Types Of Qualifications & Disqualifications:
Keeping in view the provisions of article 62 and 63, the qualifications and disqualifications for membership of parliament can be divided in certain types which make it easy to understand and assess them.
- Clear / Primafacie Requirements:
There are certain clauses of the qualification and disqualification provisions which are primafacie (clear on face of it). For instance, the question of citizenship, enrollment as a voter, not less than the required age etc are such things which are clear and easy to understand without need of any judicial interpretation. Such requirements need simple documentary proof for an individual to fall in the qualifying section.
- Judicially Determinable Requirements:
Superior Courts, particularly Supreme Court has recently interpreted qualification and disqualification clause and cleared the view on disqualification due to dual-nationality, defaming ridiculing judiciary etc.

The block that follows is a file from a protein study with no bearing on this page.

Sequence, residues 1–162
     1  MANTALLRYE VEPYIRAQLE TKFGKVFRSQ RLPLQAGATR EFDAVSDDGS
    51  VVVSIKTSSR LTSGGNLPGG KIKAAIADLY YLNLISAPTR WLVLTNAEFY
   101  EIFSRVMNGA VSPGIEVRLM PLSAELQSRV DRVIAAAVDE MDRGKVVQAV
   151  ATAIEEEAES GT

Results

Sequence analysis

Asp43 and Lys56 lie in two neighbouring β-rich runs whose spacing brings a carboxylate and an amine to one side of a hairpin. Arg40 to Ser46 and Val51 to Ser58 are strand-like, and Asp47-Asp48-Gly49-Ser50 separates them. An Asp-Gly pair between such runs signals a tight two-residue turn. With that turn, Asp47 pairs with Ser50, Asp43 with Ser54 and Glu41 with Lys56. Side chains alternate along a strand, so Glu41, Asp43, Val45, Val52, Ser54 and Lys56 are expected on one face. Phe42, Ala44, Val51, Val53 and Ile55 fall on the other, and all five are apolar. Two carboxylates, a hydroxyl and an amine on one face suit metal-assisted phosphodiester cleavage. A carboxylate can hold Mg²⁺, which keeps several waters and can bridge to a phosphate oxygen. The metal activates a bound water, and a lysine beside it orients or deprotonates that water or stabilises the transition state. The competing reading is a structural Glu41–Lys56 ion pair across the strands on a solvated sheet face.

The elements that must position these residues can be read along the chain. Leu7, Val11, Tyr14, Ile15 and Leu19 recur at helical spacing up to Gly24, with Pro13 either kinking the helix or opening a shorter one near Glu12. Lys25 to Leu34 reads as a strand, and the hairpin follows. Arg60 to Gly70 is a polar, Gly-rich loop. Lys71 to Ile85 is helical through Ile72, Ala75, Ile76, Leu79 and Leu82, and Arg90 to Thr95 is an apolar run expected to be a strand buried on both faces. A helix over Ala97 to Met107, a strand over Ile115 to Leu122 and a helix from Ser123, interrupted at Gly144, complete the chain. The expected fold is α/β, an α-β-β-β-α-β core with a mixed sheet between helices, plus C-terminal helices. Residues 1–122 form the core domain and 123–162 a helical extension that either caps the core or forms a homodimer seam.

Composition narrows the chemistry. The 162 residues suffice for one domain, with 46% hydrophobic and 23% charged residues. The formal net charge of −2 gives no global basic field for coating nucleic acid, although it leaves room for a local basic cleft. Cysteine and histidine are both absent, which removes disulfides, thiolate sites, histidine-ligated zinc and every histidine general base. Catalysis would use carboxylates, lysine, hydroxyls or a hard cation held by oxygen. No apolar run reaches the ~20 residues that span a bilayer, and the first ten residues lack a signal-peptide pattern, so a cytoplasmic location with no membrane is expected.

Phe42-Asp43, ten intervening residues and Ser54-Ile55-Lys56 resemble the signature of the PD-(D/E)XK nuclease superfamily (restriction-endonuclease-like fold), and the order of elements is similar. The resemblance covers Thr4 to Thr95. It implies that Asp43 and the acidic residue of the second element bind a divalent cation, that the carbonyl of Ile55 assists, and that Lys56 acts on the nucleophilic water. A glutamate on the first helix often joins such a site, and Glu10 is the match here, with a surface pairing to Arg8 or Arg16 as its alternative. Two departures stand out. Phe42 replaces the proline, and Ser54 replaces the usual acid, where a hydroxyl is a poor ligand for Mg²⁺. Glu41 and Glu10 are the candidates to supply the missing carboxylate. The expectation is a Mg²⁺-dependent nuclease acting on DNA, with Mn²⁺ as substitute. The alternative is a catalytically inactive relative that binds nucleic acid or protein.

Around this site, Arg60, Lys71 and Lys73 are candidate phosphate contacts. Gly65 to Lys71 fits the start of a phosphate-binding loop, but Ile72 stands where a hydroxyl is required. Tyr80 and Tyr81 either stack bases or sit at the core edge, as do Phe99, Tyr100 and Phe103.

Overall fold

- Ambiguous & Controversial Provisions:
The provisions of qualifications and disqualifications contain rules which itself are confusing due to their uncertainty and non-implementation. The clauses which are considered ambiguous are the disqualification on basis of default and that of holding fake degree. Confusion in ascertaining meaning of these clauses arises where more than one meaning is given to them in different judgments of superior courts. For instance, a person declared defaulter by a bank would disqualify him or the title of defaulter should be issued by a court of law but a judgment given by Lahore High Court says that a bank declaring its borrowers as defaulters would be taken if the bank was itself a judge. Similarly, disqualification on the basis of holding a fake degree cannot be taken as an immediate reason to disqualify a person because its authenticity would be determined by a competent court and not a board or institution which has issued it. These are the reasons where clauses of article 62 and 63 become ambiguous and cannot give immediate effect.
Because the judiciary is said to be the custodian of the constitution, the best way to better understand the provisions and articles is to refer them to judicial interpretation, and those that are found to be ineffective can be repealed by passing bills in parliament. Ambiguous clauses of qualifications and disqualifications should be clarified so that the common reader could perhaps develop an accurate description.